If you have suffered a psychiatric injury, you may wish to consider asking your treating Psychiatrist to be your Nominated Treating Doctor, rather than your General Practitioner. Psychiatric injuries are very specific and can be complicated, so in those circumstances the assessment of treatment required and capacity for work may best be completed by your treating Psychiatrist.

 

Hot tip # 2 – The Certificate of Capacity must be completed carefully

The Certificate of Capacity is a very important document. Not only does it confirm your doctor’s view that your injury is work related, it tells the insurer what treatment is required, and most importantly, it tells the insurer what your capacity for work is.

Even if you are fit for full-time work, the certificate still tells the insurer what treatment you need, and any restrictions which apply to your capacity for work.

If you think your doctor may not understand the requirements of your specific job, I recommend that you obtain a Job Description from your employer – as this is essential in a work-related injury claim. If you don’t have one, write down all of your duties at work, and give it to your doctor. He or she will appreciate understanding what you will be required to do when you return to work, and in particular, have an understanding of what “Pre Injury Duties” means. More on this below.

 

Hot tip #3 – Pre Injury Duties means no restrictions whatsoever – nothing, nada, zero

At some point during your claim, you may reach full pre-injury hours, but still need to observe some restrictions in relation to your injury. At this stage, your doctor may suggest to you that you are now fit for “Pre Injury Duties” and want to tick that box on your Certificate of Capacity.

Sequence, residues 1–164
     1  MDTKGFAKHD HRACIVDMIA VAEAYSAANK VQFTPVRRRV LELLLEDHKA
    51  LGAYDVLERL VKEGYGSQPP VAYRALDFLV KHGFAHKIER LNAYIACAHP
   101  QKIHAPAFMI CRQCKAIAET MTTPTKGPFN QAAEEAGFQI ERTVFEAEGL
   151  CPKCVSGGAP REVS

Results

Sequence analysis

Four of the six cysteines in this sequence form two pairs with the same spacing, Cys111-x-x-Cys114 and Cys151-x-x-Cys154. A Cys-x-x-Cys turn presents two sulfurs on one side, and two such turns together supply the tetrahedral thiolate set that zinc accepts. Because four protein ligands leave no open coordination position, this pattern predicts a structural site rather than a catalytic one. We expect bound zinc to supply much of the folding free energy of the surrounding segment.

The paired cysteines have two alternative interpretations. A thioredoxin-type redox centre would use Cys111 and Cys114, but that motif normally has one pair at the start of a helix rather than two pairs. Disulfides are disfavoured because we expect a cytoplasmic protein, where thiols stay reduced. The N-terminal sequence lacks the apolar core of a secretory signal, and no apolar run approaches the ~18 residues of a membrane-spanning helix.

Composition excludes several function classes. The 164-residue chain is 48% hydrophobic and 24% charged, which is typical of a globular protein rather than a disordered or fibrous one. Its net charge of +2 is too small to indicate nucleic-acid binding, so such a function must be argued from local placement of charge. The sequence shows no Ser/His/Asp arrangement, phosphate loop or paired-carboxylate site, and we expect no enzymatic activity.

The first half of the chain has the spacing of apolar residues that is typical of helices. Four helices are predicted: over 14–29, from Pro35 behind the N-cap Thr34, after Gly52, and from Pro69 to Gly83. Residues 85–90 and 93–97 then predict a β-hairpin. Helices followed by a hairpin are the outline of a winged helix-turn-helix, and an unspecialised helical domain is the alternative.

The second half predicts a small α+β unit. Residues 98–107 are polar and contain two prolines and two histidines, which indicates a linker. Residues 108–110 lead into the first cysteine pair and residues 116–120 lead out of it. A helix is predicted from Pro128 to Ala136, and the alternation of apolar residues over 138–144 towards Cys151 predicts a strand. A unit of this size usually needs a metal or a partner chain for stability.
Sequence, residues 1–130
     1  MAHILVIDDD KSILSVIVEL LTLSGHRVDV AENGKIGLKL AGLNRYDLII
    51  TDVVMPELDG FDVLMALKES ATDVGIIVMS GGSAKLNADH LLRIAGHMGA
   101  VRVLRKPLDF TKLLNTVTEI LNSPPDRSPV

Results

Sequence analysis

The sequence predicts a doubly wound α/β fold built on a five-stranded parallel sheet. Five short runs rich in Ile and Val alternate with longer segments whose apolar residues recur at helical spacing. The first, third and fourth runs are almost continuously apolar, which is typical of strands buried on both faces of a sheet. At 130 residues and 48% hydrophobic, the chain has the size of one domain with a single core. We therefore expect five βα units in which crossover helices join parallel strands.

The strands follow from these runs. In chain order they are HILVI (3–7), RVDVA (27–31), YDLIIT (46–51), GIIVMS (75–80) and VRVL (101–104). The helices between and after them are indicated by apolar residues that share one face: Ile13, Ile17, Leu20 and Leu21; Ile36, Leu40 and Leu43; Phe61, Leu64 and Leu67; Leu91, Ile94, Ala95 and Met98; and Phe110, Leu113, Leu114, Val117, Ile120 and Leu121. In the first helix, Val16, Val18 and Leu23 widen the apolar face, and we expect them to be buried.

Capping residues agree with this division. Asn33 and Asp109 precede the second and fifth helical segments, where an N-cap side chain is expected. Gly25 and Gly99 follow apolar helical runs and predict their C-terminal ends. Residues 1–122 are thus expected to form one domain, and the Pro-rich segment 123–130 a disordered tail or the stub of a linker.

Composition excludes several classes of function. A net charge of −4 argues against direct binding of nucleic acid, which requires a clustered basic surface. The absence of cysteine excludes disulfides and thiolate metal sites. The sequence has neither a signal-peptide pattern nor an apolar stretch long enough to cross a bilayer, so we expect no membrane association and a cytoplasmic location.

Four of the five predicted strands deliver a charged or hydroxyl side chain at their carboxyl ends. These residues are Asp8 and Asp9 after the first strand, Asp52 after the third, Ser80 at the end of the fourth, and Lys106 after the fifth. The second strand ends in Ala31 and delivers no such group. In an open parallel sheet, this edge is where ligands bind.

It is important that you understand what being “being fit for Pre Injury Duties” means.

It means that you can return to your pre-injury job, with no restrictions whatsoever, now and in the future.

How this could go is illustrated in the below examples.

Example A:

Andy is a labourer who sustains an injury to his right shoulder. Following surgery and physiotherapy, his right shoulder has stabilised and he is able to return to work as a labourer, but he will never be able to work more than 20 hours per week or lift more than 10 kilograms using his right arm. His doctor says this restriction will be permanent, and provides him with a certificate certifying that he is permanently fit for 4 hours per day, 5 days per week, with a permanent restriction to not lift any weight of more than 10 kilograms using his right arm. Andy continues to receive benefits from the workers compensation insurer on the basis of that certificate, which support him and allow him to continue working in a job that he enjoys, despite his injury.

Example B:

Rachael is a process worker who sustains an injury to her lower back. She undergoes surgery and has a very good result following rehabilitation, and she is keen to get back to work at the meatworks. Her doctor provides her with a certificate certifying her fit for pre-injury duties. When Rachael submits the certificate to the insurer, she is told that because she is fit for pre-injury duties, she has no incapacity for work, and therefore no entitlement to weekly benefits. Her payments are therefore ceased, even though she has not yet attempted a return to work and is not sure whether she will be able to manage working on the line for even half of her pre-injury hours.

Let me be clear – getting back to work is an important stepping stone in your recovery from a work related injury. Don’t let it be derailed by not understanding the meaning of “Pre Injury Duties” and how that might affect your claim.